Health, illness and the world .docx

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Dalhousie University
Soc & Social Anthropology
SOSA 3143
Robin Oakley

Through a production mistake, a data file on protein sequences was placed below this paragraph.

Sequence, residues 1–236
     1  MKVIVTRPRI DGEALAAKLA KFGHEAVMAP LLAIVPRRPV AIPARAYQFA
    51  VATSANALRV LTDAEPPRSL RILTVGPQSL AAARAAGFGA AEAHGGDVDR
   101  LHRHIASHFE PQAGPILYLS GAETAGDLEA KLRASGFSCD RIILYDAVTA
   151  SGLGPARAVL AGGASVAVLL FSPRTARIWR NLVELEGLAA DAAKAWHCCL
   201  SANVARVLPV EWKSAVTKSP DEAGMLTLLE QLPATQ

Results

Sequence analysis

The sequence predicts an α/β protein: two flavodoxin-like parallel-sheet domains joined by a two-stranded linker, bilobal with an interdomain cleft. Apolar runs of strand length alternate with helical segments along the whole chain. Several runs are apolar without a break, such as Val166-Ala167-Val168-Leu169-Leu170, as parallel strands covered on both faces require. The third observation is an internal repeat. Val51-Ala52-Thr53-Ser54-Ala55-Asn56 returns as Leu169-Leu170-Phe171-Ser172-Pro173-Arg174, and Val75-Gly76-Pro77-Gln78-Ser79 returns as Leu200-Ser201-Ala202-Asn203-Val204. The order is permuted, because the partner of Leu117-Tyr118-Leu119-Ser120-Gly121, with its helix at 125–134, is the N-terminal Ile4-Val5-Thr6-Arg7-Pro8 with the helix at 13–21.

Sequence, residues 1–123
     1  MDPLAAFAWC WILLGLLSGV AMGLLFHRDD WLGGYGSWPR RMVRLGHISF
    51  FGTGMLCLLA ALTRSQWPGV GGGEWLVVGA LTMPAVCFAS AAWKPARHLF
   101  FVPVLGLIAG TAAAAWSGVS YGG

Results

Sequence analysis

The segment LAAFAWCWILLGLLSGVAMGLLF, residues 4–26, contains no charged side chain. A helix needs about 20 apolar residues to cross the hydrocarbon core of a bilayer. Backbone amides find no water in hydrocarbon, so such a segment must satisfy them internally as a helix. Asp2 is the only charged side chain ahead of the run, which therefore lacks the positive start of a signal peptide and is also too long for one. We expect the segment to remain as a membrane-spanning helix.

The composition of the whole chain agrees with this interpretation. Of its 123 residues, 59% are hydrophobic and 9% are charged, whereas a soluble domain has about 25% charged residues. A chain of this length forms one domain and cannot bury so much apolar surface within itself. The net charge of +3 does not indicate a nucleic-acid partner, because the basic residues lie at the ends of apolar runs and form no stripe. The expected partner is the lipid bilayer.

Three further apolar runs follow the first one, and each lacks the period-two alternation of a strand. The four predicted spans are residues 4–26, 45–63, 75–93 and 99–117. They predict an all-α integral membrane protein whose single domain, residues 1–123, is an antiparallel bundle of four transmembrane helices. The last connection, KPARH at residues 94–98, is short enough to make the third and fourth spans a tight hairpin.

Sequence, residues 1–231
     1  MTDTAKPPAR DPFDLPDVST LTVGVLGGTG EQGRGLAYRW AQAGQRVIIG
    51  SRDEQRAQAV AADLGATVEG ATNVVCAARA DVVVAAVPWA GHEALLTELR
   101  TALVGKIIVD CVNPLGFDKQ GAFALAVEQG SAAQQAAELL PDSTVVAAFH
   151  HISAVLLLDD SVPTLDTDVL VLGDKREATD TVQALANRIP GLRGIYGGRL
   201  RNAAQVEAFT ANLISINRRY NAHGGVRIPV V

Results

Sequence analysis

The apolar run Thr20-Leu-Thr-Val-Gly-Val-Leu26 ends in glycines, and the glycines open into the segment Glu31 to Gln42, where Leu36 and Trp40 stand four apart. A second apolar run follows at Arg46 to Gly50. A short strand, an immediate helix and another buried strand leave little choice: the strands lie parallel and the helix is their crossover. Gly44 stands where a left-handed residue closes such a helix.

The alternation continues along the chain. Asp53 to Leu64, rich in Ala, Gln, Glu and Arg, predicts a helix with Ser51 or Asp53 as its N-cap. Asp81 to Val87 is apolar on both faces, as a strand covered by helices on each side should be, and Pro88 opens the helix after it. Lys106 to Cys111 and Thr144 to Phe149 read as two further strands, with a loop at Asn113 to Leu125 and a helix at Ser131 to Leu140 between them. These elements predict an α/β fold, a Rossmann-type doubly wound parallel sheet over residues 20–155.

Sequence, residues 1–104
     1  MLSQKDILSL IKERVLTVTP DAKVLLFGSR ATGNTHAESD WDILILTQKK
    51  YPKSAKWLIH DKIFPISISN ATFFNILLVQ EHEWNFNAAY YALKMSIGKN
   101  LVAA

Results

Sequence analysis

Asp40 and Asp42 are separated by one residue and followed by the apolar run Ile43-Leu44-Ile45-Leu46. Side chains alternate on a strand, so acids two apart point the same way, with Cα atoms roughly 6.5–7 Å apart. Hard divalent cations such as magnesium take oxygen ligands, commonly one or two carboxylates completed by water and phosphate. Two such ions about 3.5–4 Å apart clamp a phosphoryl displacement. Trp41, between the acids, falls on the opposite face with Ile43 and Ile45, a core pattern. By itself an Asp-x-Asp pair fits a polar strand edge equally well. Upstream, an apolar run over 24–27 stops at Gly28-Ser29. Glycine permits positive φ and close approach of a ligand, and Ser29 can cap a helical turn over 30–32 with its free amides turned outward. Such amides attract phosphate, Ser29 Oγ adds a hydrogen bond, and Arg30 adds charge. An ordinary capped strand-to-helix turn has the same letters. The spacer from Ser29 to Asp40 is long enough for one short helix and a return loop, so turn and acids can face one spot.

NOTES Morbid Symptoms: Health under capitalism Neoliberal era: A political movement beginning in the 1960s that blends traditional liberal concerns for social justice with an emphasis on economic growth Preface:  All the elements of public health, from a balanced diet to decent housing, job security and job satisfaction are crucial in determining how well and how long people live.  Health care as an object struggle, between commercial forces trying to make (or keep) it a public service and to reduce current gross inequalities of access. o The marketization of public health services, and the way the pharmaceutical, insurance, medical technology and healthcare corporations push to make health care everywhere into a field of capital accumulation.  Corporate control of medical research and training, the misuse of scientific data for commercial gain, the generation and mistreatment of an epidemic of mental illness, and the newest frontier of capitalist accumulation turning of genes into commodities.  Capitalist society works to create fear, but look like the hero with the breakthrough research, new ‘wonder’ drugs.  The corporation: Capitalists are psychopaths.  Everything comes down to profit. Health, Health Care and Capitalism  Capitalism is seen as the supreme engine of growth, and growth is seen as the crucial condition for health improvement. (i.e. malnutrition is present in both developed and third world countries: over-nourished vs. under- nourished; flu vaccine- could make you more prone to the flu virus)  Epidemiological transition- from infectious disease to chronic disease mortality.  The sanitation drive was resisted by capitalists  Page 4: important on prevention  Moreover the gain over time has been the greatest where incomes are most equally distributed, not where they are highest. Yet the only thing capitalism tends to do without fail is to produce and reproduce inequality.  Julian Tudor Hart’s famous ‘inverse care law’ tends to hold  the amount of health care given is inversely related to the need for it. September 19: Capitalism, Imperialism and Neoliberalisation (search: capitalism 101) Class Notes Capitalism:  Private ownership of productive forces (industries, mining sector)  People sell their labour power (it is an extremely unequal transaction to sell your labour to someone else/industry)  Adam Smith - Wealth of Nations, classic ‘liberal’ text; wage slavery  Labour is a commodity on the market; exploited by nature in a capitalist society.  Use value and exchange value (has a price tag and is in the system): health care (shouldn’t be a commodity but is shoved down our throats as one), food (i.e. Halifax/Nova Scotia: central privatized laundry facility for all the hospitals [to reduce costs] but could spread disease)  Circulation of capital becomes the reason d’être and logic of the society; circulation of capital is the lifeblood of capitalism. Marx’s humanism: Marx wanted to see more leisure time for human beings for self-development and self-realization.  A socialized economy would allow for more leisure time, time for self-development rather than spending ones life-producing value to benefit the capitalist class who extracts surplus value.  “The saving of labour time is the equivalent to the increase of free time i.e. time for the full development of the individual, which itself, as the greatest productive force, in turn reacts upon the productive power of labour” (Critique of Political Economy 97)  Marx was thrown out of country after country in Europe for his political views and call to action. As he noted “The bourgeois economists only see that production is carried on better with modern police than, e.g. under the law of the cudgel…” (Critique Introduction 1976)  The state has legitimate use of force  He envisioned the possibility of a society based on socialized economy whereby the surplus value goes back to the people who produced that value, rather than into the hands of capitalists as profit.  He notes: “…when material production is no longer limited by exchange value, but solely by its relation to the overall development of the individual, all this business, with its convulsions and pains, comes to an end” (Critique 12) He also noted socialized production had the potential to save labour time “…not for the purpose of increasing the capitalists profit, but for the benefit of society as a whole” (Critique 49)  Surplus value (Smith and Marx agreed: i.e. manufacturing pens for 10 cents/ea. Then sold for $3)  He also was very clear about the ways that this situated affected children and women (both vulnerable in terms of social reproduction) and the ways that colonial contexts such as India, African continent etc. (see Leacock, Ward Gailey)  “Gary Larson’s Depiction of Alienation” What is Imperialism (1870s – WWI and II?):  Formation of Global Trade Blocks, started in 1870s (USA, Britain, France, Belgium, Japan), which were competing against one another. (Trade blocks like NAFTA [i.e. water- converted into an important commodity; water started to have a price tag in Canada], EU, BRICS)  Formation of Monopolies—elimination of free competition (i.e. start own business freely and compete)  Financial Oligarchy  Finance capital (abstract) becomes more important than the capital produced from commodity production - - eliminating the borders and boundaries that would prevent the circulation of capital.  Wars over competition for markets  Foremost Imperialist of the 19 Century: Cecil Rhodes (in a society of buying and selling of land in Africa) What is Neoliberalism?  Leys and Panitch, in their preface note the significance of Vincent Navarro in critiquing capitalist-based health systems.  “Neoliberalism holds to a theory (though not necessarily a practice) that posits the following: 1. The state (or what is wrongly referred to in popular parlance as “the government”) needs to reduce its interventionism in economic and social activities. 2. Labour and financial markets need to be deregulated to liberate the enormous creative energy of the markets. 3. Commerce and investments need to be stimulated by eliminating borders and barriers to allow for the full mobility of labour, capital, goods and services (Navarro 2007:9). Globalisation: the internationalisation of economic activity according to neoliberal tenants.  A purportedly “new” process  Which states are losing power and are being replaced by a worldwide market centered in multinational corporations, which are the main units of economic activity in the world today.  Navarro challenges the idea that the state is backing away from policy making – from the idea that neoliberalism means a weakening of the state  BRICS summit concludes in china Impacts “The culture of capitalism is devoted to encouraging the production and sale of commodities. For capitalists, it encourages the accumulation of profit; for labourers, it encourages the accumulation of wages; for consumers, it encourages accumulation of goods. In other worlds, capitalism defines a set of people who, behaving according to a set of rules, act, as they must. There is nothing natural about this behaviour. People are not naturally driven to accumulate wealth. There are societies where such accumulation is discouraged” {Problematizes the seeming a priori, primordial, natural, common-sense} – Robbins Global Problems and the Culture of Capitalism Nancy Scheper Hughes Primacy of the Ethical  We live in a context of the state of emergency created by global capitalism in ‘making the world and social science safe for ‘low intensity democracy’ backed by World Bank capital” Scheper-Hughes Introduction to her ethnography Thesis of Book: “It is about culture and scarcity, both material and psychological, and their effects on moral thinking and practice, particularly on “maternal thinking”… what are the effects of chronic hunger, sickness, death, and loss of the ability to love, trust, have faith… Quick Write 1 – Group 3 Refresher on themes of course: 1. Critical Political Economy 2. History 3. Analysis and Action—Praxis Class Notes: INEQUALITY AND HEALTH September 26, 2012 Heroic Poets and Affirming the Collective In a number of parts of the old world, 2000 years ago, in the so called “heroic age” – people’s poets (bards, poets) commented and compared the societies and peoples they came into contact. I.e. Bards of Tamil Nadu, India (Kalaisapathy 2002 Tamil Heroic Poetry); from Maylasia, Tamil scholar, teaching Jaffna Sri Lanka, Cambridge o Poets lived among the people, observing them o Fluent in a number of languages, cultural conventions o Could easily move between societies and cultures o Orally transmitted o Women and men o Part of and yet separate society o “Know” emic dimension of life meanings, values, emotional and cultural content o Powerful, feared by leaders (feudal kings and queens, princes, etc); curse i.e. King Pulikesi o Poetry was systematized  Oral “Elements of production”  Skilfully used rich symbolism; dual meanings (classical languages “huge lexicon to draw from” like Tamil, Telegu, Greek, Arabic)  In Tamil Nadu, conveyed the concepts of “ollukum” (proper conduct) and “katan” (virtue) of leaders; “shame”  Leaders measured by the condition of the population  “An unjust leader ought to be killed like a wild dog” This leads us to Scheper Hughes and the three readings on inequality by Albritton, Coburn and Deppe… (week 3) Introduction that we read last week: “Anthropologists have tended to understand morality as always contingent on, and embedded within, specific, cultural assumptions about human life. Bit there is another existential philosophical position that posits the inverse by suggesting that the ethical is always prior to culture because the ethical presupposes all sense of meaning and therefore makes culture possible. ‘Morality’ does not belong to culture: it enables one to judge it.’ Accountability, answerability to ‘the other’ – the ethical as I am defining it here is ‘precultural’ in that human existence always presupposes the presence of another…” (p. 23) “…writing can be a site of resistance. This approach bears the resemblances to what Michael Taussig and others called ‘writing against terror’” ~23 Nancy Scheper Hughes Forgot to mention last week: P. 26-29 : Scheper Hughes writes about the potential of ethnography as a tool for human liberation.  She highlights the role of ethnography to “bear witness” to people’s struggles (28).  To “…speak truth to power…”  “…on our ability to listen and observe carefully, empathetically and compassionately….seeing, listening, touching, recording, can be, if done with care and sensitivity, acts of fraternity and sisterhood, acts of solidarity. Above all, they are the work of recognition. Not to look, not to touch, not to record, can be the hostile act, the act of indifference and of turning away.  I.e. in Halifax : Africville, forced removal “public health issue” – yet forgetting to mention that the city itself did not provide basic services to the Africville tax payers such as a decent road, sanitation, garbage removal, public water supplies… (ignoring is an act)  “The ethnographer, like the country doctor, knows the personal history of the community… a keeper of records, a minor historian of ordinary lives of people presumed to have no history…” (29) o And this could potentially be even more powerful if drawn from the local people themselves Paulo Frere – Pedagogy of the Oppressed; Henry Giroux – critical pedagogy: organic intellectual Lizards and Female Poets: soothsayers, prophetic and dangerous  Structural violence: Paul Farmer he endorsed the nomination of a Medical Anthropologist to be the current president of the World Bank. Scheper Hughes Chapter 1: O Nordeste: Sweetness and Death Re-emergence of infectious diseases—preventable; capitalism and imperialism (this is happening in India right now because of the huge industrial) o Typhoid o Malaria o Polio o TB o Leprosy o Bubonic plague “Although we think of these diseases pestilences as tropical diseases arising from the more or less ‘natural’ interactions of climate, geography, and human ecology, we might do better to think of them as poverty diseases…” (31) Naturalised public discourse Scheper Hughes next reinforces the points being made in Coburn, Albrittion and Deppe readings from morbid symptoms about inequality and health. – Inequality creates a ripe context for disease  The “promise” of the Brazil’s intense industrialization in 60s and 70s: “…the economic ‘miracle’ failed to filter down to the millions of workers and migrants of the Nordeste…” (32) Two theorists she notes: Manual Moreno Fraginals 1976 Gilbert Frere – The Masters and the Slaves 1986 Gilbert Frere drew on concept of Bagaceira (left over sugar cane husks – not used for anythings) – also refers to junk, throw-away people  Plantation culture in general Sugar and Death  Europe sold in terms of grams (more valuable than gold)  Mintz exposed the “perversity of capitalist relations”  Ireland shortage (16 pounds per week)  Major additive and preservative in foods ---- good for people on ships. o Biscuits and tea with sugar “food” o British working class replaced their beer and bread with cheaper biscuits and tea o “White death” – copious amounts that pass through our system o Now in grocery stores: used to be “sugar”: high fructose corn syrup which is highly toxic to our system. o Land is being used to plant corn (GMO) –corn syrup industrial foods (toxic)  Fuels  Cash crop o 1980s Ronald Reagan; advocate ketchup US schools cafeterias as a “nutritional supplement” Colonial Landgrant system – favoured Europeans over Indigenous people o Indians made poor plantation workers – even suicides over conditions (37) o African slaves imported (38) Frere’s observation: “ The slave on the Brazilian plantation… was generally well trated and his lot was really less wretched than many European labourers who were not called slaves” (39) Adam Smith Wealth of Nations: Wage Slavery more profitable than slavery (i.e. see p. 41 why slavery was expensive in Brazil) o Overwork led to high mortality rate o Escape  In other words, you need to invest in a slave if you want it to be profitable…wage slavery frees that capitalist from this worry  But Scheper Hughes attributes it to the benevolence (paternalism) of Portuguese’s Catholicism. (39) South Africa – Apartheid (legal racism) Domestic service – Jacklyn Cock ; paternalism  Slave/employee as a junior kin member or a junior people  Unhealthy kind of “ism” – racism, sexism, ethnocentrism, paternalism, euro centrism  Creates a toxic social environment Rise of the Modern Sugar Factory th  Before the turn of the 20 Century and with state and private help  State hoped the traditional land tenure system and subsistence cropping would die out (43)  Locals evicted of land started in 1950s (45) Amartya Sen Indian economist: three types of entitlements that people have in regard to food: 1. Land to grow food 2. A job to earn money so as to buy food 3. If both of these fail, some form of social entitlements (welfare system, or subsidy provided by the society to help people when the other entitlements failed) to provide food to people. –Without stigma “Cut loose from the paternalistic bonds to a particular landowner, plantation, or sugar mill, these workers became ‘free agents’ who sold their labour for wages on a temporary basis. In effect, they formed a ready reserve army of rural day labourers” (46) 1945-64 The Peasant Leagues Transition of peasant consciousness and organization (46-49) Privatisation/liberalisation/deregulation does not save money, is not more efficient –but rather that the economic and social costs are very high “Where is the life we lost in living” TS Elliot Readings in Panitch and Leys: Loeppky, Applbaum, Tudor Hart, Scheper Hughes ch. 2 Vincent Navarro “The water that harms one class harms the others as well” Scheper-Hughes (72) Robert Hunter Wade, a colleague of Vincent Navarro, challenges the liberal view that inequality is a necessary outcome of the risks taken by capitalist entrepreneurs. Wade notes the tendency for liberal scholars to promote the idea that “…inequalities are the result of differences in effort and talent and just plain luck…” He notes that this is the “…moral case for greater inequality” (95) Social Darwinian: survival of the fittest--- the organisms in the environment that had adaptable traits that function well in a given environment will be more fit than those with less adaptable traits -social Darwinians is also at the root of eugenics movement – up until the 1970s; mentally inferior: poor, Washington consensus was applied to low and middle income countries (“developing”): o A set of rules to make the market work better by strengthening property rights  Liberalising domestic markets  Privatising state-owned enterprises  Opening the economy to free trade…  Financialising the economy: giving stock markets a more central roles in the economy (96) Many of the low and middle income countries that were targeting, were countries that after the 1960s—post colonial period, i.e. India (became independent); they actually created public healthcare systems with plenty of free clinics, …social medicine: rooted in providing preventative care such as the basics of food, shelter and the means to get them. . . create conditions where people can maximize their “health” (wellness)  Washington consensus (world bank) changed it to operationalize it. Wade notes that scholars and intellectuals play a huge role in both promoting these tendencies and concealing their negative effects. (the tendencies outlined in regard to Washington consensus) For example: WB researchers go through rigorous article approval for The Economist (huge influence on public opinion— “impact factor”) and alternate views are not published.  A strict control of the knowledge that is circulated in society o As a result a number of “alternative” presses, publishing venues have emerged over the past 20 years. He also notes the emergence of “faith based science” (98) i.e. “…I don’t have a crystal ball…” nothing is certain… Biomedical hospital in India Profit becomes the primary motive for “healthcare” rather than the “human factor” Training of physicians ---ethical and legal as opposed to “treatment” issues (legal risk)  Along with faith based science, is also the tendency to focus on ethical or legal issues  When a market logic is applied to healthcare (Loeppky) Loeppky highlights the growing incursions of market logic into healthcare and the resulting “disquiet” about it (59)  The hospital becomes a competitor as much as any other industry “In instances where market competition or some reasonable facsimile is the objective, dismemberment or dissolution of (particularly state) institutional control over specific “Rather than seeing this industry’s fortunes as a mere response to populations’ ‘natural’ demands, it is the health industry’s self expanding accumulation strategies that much be examined as candidates for the prime movers of growth…as pharmaceutical profits took off in the early 1980s, much of it occurred in the guise of an innovation-led ‘biotechnology revolution’ – a ‘revolution’ which has, in turn, laid the basis for new industry claims to be enhancing health outcomes” (63)—in the absence of social medicine; in the context of a decline of social medicine “The liberal argument carries the prophetic clout: provided we hold steady to the central thrust towards free markets and private property and lower taxes, extreme poverty will be eliminated, income gaps between countries will be eliminated, income gaps within countries will also level up as the poor become better off “: SICKO (documentary on US healthcare) The tendency is to have pockets where this happens but always on the backs of someone else’s suffering… While Canada has been embarked on a full fledges process of liberalisation privatisation, and deregulation and so on it has led to:  Homelessness as a national disaster (declared a national disaster by a public health nurse named Cathy Crow) –housing crisis in the US  Chronic food insecurity  Functional illiteracy among Canadians (puts people in a vulnerable position)  Increase in mental illness  Increase of wait times for health services  Increase of life expectancy but simultaneous increase in chronic illness for half of one’s life “Bad lifestyle choices…” – “Hobson’s choice” 2006 Toxic nation While economies of BRICS countries have economically “developed” and are “developing” how about inequality and poverty?  Re-emergence of infectious diseases in India  Social movements trying to keep lands  Farmer suicides  Morbid symptoms and social movements who are trying to stop deregulation, privatisation… Imperialism  An advance on early capitalism based on Free Competition. With the development of Monopolies, Free competition ceases leading to the development of finance capital.  According to critic